This sounds kind of sappy, but when you’re a kid that feels different in some way — and it doesn’t need to be from being gay, you can feel different for a multitude of reasons — you find a way to the world through art. The people that excited me when I was a kid just happened to be gay icons. I was looking for it before I was even conscious of it. These are the people I got excited about. For straight comics it may have been George Carlin or Richard Pryor. Celebrating gay icons allows people the chance to participate in a person or a person’s body of work who invited them into the world in a way. The Elizabeth Taylor thing…I had always loved her as a kid. When she died we were sitting at a bar. I said to my friend, “What are we going to do? There’s no Elizabeth Taylor.” My friend drunkenly turned to me and said, “Well, you can be Elizabeth Taylor.” I was like, “Yeah, alright. I’ll be Elizabeth Taylor.” For me it was also about her activism and her gumption to just do whatever she wanted to do regardless. Doing the middle name thing was in honor to her, but also a reminder to me like, “Keep going. This is worth it.”
You’re doing what you love and being 100% yourself and you’ve made a career out of it. That’s the dream.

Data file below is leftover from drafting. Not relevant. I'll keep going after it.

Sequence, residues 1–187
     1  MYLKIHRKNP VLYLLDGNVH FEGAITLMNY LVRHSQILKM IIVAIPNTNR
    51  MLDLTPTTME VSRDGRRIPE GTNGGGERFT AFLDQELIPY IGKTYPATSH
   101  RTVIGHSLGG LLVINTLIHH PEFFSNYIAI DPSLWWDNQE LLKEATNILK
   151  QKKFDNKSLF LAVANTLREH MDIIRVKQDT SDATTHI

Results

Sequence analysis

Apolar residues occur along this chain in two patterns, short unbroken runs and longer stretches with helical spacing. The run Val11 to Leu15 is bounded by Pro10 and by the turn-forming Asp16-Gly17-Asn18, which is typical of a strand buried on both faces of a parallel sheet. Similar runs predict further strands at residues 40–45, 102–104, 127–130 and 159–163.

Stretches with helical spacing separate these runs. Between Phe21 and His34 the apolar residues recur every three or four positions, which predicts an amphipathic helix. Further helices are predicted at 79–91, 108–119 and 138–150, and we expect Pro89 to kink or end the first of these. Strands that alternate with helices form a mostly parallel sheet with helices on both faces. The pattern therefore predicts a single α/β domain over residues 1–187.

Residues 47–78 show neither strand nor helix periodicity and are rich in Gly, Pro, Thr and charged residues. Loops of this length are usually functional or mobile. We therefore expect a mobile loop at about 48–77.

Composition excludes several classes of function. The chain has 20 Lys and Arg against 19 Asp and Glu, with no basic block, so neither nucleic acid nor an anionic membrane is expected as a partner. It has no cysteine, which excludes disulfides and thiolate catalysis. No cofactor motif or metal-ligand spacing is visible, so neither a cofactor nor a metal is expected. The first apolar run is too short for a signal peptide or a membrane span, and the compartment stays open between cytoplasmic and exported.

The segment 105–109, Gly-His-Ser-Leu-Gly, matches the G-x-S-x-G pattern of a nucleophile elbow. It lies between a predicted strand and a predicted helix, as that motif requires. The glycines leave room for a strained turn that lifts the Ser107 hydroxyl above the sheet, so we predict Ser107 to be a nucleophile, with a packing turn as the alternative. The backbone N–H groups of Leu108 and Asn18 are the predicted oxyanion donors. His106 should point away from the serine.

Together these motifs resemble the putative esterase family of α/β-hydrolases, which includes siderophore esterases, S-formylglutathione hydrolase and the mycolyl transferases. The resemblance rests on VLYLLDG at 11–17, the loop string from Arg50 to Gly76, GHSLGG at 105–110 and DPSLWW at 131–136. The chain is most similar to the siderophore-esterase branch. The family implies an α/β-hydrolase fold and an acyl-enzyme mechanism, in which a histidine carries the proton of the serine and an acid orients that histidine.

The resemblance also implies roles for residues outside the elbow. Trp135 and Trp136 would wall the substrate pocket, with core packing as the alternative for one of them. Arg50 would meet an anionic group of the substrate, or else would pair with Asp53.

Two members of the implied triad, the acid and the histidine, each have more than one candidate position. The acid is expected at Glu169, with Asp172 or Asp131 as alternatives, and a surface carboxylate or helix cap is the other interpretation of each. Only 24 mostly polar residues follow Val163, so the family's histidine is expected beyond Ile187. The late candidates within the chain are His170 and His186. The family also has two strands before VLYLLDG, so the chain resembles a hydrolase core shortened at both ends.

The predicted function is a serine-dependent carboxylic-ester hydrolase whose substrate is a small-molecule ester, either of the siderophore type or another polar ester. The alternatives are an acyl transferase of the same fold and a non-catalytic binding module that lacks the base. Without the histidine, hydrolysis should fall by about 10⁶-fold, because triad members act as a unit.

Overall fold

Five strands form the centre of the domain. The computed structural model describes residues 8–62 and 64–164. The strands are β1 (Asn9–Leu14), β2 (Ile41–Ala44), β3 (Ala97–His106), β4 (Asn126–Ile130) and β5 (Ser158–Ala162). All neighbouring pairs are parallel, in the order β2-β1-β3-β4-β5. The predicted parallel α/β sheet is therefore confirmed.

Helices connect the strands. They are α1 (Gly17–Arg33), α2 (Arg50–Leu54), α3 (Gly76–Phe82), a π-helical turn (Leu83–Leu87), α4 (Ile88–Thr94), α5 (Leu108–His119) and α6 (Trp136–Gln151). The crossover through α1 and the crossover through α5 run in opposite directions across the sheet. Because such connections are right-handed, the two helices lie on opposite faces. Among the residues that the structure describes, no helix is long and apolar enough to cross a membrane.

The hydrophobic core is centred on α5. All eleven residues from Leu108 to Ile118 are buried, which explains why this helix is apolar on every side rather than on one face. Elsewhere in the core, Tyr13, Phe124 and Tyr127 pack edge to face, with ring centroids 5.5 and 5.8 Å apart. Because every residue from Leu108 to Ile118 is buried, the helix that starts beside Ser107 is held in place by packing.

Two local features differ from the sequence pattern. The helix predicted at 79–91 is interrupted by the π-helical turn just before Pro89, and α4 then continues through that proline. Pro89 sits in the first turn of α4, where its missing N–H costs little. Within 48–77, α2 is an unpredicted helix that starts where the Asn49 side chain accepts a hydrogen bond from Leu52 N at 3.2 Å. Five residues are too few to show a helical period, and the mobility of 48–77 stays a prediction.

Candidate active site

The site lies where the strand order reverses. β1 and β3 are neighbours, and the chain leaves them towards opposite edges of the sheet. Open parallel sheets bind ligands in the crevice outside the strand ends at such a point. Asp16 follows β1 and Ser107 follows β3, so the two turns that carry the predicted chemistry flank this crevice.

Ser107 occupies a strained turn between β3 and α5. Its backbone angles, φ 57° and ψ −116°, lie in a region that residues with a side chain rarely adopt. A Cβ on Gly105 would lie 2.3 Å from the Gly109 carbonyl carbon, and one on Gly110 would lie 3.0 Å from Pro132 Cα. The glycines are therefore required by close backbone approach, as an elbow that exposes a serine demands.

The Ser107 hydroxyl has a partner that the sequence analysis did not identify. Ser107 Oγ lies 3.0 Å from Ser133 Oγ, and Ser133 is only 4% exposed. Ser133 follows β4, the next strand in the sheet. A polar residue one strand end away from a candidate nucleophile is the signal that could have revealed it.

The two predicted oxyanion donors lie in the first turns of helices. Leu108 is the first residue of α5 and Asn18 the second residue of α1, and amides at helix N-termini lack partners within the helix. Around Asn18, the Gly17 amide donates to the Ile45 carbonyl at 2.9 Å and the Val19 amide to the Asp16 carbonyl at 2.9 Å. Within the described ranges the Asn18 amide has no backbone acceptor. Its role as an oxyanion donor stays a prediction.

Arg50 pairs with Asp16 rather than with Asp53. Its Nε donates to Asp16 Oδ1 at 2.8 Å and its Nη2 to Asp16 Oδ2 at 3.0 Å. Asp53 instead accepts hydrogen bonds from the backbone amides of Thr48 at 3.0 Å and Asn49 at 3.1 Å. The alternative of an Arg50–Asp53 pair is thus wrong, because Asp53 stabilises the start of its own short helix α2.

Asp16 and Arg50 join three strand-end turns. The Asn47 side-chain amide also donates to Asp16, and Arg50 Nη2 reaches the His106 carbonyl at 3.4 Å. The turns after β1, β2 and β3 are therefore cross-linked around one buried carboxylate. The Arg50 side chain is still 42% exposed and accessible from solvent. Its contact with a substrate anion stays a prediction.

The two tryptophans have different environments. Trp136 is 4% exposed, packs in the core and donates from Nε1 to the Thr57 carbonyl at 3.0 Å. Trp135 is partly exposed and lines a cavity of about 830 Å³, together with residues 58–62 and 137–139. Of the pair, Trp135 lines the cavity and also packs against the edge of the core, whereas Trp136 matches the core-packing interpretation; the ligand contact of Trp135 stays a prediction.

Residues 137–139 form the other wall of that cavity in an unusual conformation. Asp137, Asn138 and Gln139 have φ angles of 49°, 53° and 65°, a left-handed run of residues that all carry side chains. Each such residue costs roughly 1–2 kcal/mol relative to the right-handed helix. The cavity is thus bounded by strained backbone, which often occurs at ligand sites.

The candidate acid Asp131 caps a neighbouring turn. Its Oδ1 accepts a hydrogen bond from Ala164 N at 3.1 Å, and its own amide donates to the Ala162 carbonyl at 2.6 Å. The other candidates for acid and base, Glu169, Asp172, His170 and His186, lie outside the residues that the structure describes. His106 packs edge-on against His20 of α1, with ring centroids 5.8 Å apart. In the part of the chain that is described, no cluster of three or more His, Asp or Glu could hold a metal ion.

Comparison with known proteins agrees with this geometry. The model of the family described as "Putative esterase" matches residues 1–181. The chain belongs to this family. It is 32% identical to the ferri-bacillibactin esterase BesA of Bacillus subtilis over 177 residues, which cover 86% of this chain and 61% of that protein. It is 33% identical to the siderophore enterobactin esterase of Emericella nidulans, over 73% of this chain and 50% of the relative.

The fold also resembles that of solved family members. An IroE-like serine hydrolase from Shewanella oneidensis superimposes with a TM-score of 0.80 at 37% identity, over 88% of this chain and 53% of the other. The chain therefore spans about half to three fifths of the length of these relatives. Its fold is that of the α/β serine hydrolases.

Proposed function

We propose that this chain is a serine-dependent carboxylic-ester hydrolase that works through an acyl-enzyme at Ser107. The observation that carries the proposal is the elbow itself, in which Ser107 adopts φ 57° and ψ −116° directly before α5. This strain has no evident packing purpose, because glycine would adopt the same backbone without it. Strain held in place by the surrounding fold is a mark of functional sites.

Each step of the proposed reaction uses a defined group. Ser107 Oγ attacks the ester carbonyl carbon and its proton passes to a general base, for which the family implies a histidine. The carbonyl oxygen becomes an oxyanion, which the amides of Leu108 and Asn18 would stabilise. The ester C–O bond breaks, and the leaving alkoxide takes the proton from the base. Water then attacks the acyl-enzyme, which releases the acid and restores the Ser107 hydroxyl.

I’ll tell you, I’m still struck sometimes how hard it is. It’s like that Toni Morrison quote, “You never realize you’re different until someone takes the time to remind you.” I walk around thinking, “This is normal, right? People do the stuff that I do.” And then I’m continually shown, “No. They do not.” Not all men see a hat somewhere and say, “Oh, I should try that out with a jaunty scarf today.” Not everybody does that. In a strange way it’s made me double down. Even though you will get a lot of nos at first, people are looking for original voices. People are looking for those who can say something like nobody else. The more you try to homogenize yourself and make yourself less authentic the greater harm you do to yourself. The more you concentrate on what your point of view is and what you can bring to the table the better off you’ll be. I really believe that.